If you are looking for ways to build a strong, spiritual future for little learners, consider the twelve truths listed in this blog.
In chapter nine of his Gospel, Luke records a “reasoning” that arose between Jesus’ disciples about who would be the greatest in His kingdom. Before their reasoning could escalate into a debate or even an argument, Jesus stepped in with some reasoning of His own. Verse 47 states that Jesus perceived the thoughts of their hearts and pulled a little child close to sit beside Him. Jesus told His disciples, “Whosoever shall receive this child in my name receiveth me: and whosoever shall receive me receiveth him that sent me: for he that is least among you all, the same shall be great.” In an instant, a discussion about becoming great became a declaration about becoming least.
A young lady attending Urshan College via distance learning approached me about one of her assignments. Knowing that I am an editor for the youngest level of children’s curriculum, she wanted my opinion on the topic of nursery and toddler programs within the church—specifically if they should be considered an important ministry and if there was a biblical basis for them.
My mind immediately went to Scriptures where Jesus used a child to teach about having faith and, as referenced above, receiving Him and fitting into His kingdom. If children are important to Jesus, they should be important to us. Therefore, the issue is not about whether or not a young child is important but whether early childhood church programs could really be considered ministries. I assured the student that these programs most definitely are.Building a strong, spiritual future begins with building a strong, spiritual foundation Click To Tweet
Jesus Met Physical, Emotional, and Spiritual Needs
Infants, toddlers, and preschoolers rely on their caregivers and teachers within the church nursery and classrooms to meet three important needs: physical, emotional, and spiritual. Those needs must be met and met in that order for a connection to develop. (Throughout Jesus’ earthly ministry, we see that He typically met people’s needs in that same order.)
A young child’s basic physical needs can be met in the church classroom through serving snack, changing diapers, and maintaining a safe environment.
If children are important to Jesus, they should be important to us.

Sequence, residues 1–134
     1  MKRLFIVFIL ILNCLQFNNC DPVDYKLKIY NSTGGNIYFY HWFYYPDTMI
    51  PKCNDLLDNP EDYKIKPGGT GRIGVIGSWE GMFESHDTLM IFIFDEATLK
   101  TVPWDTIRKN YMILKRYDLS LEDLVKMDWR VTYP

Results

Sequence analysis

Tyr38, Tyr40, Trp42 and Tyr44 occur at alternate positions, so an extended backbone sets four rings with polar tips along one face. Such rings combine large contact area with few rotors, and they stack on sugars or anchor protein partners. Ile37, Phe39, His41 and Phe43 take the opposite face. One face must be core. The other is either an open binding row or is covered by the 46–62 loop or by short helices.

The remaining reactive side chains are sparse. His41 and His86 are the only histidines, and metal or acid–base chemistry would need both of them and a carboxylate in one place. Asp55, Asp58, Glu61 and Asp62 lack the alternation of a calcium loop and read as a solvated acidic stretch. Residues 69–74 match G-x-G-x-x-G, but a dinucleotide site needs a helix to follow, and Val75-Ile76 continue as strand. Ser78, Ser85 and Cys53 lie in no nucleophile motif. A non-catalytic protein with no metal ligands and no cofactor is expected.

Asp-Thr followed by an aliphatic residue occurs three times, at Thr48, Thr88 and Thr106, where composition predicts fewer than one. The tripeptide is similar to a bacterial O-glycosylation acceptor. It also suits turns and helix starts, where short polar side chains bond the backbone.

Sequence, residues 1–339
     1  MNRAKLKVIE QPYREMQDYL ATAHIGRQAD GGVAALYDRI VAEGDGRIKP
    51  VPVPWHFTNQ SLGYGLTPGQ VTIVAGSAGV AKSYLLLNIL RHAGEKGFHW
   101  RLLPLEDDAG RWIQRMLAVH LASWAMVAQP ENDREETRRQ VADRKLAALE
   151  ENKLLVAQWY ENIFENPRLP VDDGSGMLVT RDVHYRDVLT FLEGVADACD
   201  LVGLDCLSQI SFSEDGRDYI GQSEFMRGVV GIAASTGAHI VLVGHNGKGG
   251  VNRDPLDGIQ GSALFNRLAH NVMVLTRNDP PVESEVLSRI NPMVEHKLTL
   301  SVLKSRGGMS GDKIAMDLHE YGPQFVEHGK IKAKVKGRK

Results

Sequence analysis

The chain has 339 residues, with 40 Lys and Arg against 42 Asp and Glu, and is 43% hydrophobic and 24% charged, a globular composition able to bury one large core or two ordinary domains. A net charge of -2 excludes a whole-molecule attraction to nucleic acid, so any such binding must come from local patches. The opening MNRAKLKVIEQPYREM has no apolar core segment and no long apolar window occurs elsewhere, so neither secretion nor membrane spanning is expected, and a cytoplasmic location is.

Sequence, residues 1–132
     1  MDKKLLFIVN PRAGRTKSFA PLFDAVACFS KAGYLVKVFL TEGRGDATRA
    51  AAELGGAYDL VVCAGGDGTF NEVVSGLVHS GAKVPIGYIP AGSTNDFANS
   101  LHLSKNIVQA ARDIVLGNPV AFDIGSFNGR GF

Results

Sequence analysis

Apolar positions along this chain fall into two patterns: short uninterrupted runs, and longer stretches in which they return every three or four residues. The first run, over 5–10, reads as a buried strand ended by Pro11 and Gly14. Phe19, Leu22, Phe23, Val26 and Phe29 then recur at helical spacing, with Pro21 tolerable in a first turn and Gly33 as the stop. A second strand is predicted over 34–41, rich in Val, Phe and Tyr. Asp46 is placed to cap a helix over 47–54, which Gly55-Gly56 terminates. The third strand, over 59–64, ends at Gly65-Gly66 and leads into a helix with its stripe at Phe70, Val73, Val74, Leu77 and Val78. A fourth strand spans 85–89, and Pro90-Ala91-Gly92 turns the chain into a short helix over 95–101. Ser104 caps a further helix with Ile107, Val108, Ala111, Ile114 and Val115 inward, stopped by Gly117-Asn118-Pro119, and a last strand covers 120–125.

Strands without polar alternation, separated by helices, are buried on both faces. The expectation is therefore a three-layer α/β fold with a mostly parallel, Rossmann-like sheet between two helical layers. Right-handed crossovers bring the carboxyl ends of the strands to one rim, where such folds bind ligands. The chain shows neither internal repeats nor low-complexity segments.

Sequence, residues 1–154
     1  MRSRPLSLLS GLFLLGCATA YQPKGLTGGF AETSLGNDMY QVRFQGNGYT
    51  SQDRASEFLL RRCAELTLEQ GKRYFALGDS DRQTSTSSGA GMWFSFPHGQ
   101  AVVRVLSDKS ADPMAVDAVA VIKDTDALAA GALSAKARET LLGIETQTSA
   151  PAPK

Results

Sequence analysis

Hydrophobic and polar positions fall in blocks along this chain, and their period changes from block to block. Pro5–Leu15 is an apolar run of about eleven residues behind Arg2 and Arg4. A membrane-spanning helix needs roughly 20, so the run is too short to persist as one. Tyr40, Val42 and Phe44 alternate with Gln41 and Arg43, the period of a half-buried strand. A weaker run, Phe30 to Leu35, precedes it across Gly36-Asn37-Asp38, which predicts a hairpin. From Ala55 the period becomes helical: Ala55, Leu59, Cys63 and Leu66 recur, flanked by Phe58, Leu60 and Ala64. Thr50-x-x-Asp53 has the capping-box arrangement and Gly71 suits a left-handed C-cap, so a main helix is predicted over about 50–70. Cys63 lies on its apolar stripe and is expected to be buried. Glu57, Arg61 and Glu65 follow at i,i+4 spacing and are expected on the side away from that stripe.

Emotional needs can be met through comforting children, giving gentle hugs, and being a consistent, smiling presence. Once love and trust are established between the child and teacher through meeting physical and emotional needs, the teacher can begin to meet a child’s spiritual needs by singing worship songs, reading Bible stories, and teaching biblical truths through games and crafts.
Building a strong, spiritual future begins with building a strong, spiritual foundation. Any ministry that works toward this goal is important. Children may only be in our churches for an hour or two each week, but the church plays a considerable role in shaping how children will view God and lays the groundwork for their understanding of truth. Young students may not be able to comprehend or appreciate this, but the church must.
Build a Strong, Spiritual Future Teaching from These Truths
The following truths about God are a few of the crucial foundational elements of early childhood spiritual education:
- There is one God.
- God’s name is Jesus.
- The name of Jesus is powerful.
- Jesus made us.
- Jesus loves us.
- The Bible is God’s Word.
- God wants us to obey His Word.
- God’s Word helps us.
- God keeps His promises.
- Jesus saves us.
- Jesus wants us to go to Heaven.
- Jesus is coming again.
For engaging, age-appropriate, Apostolic curriculum that teaches these truths and more, see God’s Word for Life.
Shannon Wilpitz is the Little Learners field editor with Pentecostal Publishing House and is a licensed minister with the UPCI. Children’s ministry is her passion.